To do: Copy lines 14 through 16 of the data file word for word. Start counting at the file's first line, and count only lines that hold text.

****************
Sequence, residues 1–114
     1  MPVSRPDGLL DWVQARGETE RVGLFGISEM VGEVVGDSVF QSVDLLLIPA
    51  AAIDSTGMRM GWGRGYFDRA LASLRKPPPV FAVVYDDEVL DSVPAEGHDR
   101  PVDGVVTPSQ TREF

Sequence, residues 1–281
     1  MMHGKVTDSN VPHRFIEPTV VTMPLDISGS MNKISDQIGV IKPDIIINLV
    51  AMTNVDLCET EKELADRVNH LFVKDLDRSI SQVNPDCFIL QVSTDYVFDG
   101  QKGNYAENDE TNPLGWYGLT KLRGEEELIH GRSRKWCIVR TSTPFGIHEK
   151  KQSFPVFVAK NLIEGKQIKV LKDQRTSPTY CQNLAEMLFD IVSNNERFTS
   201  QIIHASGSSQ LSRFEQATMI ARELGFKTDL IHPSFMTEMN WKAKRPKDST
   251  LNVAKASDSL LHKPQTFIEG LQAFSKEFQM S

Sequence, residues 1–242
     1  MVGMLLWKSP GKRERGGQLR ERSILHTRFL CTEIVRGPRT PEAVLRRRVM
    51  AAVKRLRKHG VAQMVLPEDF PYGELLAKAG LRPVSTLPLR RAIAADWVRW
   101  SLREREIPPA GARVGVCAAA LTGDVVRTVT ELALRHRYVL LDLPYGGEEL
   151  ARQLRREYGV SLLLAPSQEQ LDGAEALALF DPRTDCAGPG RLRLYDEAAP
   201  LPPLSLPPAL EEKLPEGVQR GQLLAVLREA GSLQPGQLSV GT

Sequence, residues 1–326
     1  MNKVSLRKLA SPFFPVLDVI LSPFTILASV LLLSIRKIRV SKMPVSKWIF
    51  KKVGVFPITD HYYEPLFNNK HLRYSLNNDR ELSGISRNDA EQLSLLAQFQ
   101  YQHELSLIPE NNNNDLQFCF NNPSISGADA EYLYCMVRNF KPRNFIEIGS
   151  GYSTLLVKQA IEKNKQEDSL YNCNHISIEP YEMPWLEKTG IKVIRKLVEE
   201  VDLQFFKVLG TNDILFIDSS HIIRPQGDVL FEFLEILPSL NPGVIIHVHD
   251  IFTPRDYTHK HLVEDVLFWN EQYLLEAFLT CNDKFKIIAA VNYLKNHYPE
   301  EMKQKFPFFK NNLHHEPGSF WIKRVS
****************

    51  AAVKRLRKHG VAQMVLPEDF PYGELLAKAG LRPVSTLPLR RAIAADWVRW
   101  SLREREIPPA GARVGVCAAA LTGDVVRTVT ELALRHRYVL LDLPYGGEEL
   151  ARQLRREYGV SLLLAPSQEQ LDGAEALALF DPRTDCAGPG RLRLYDEAAP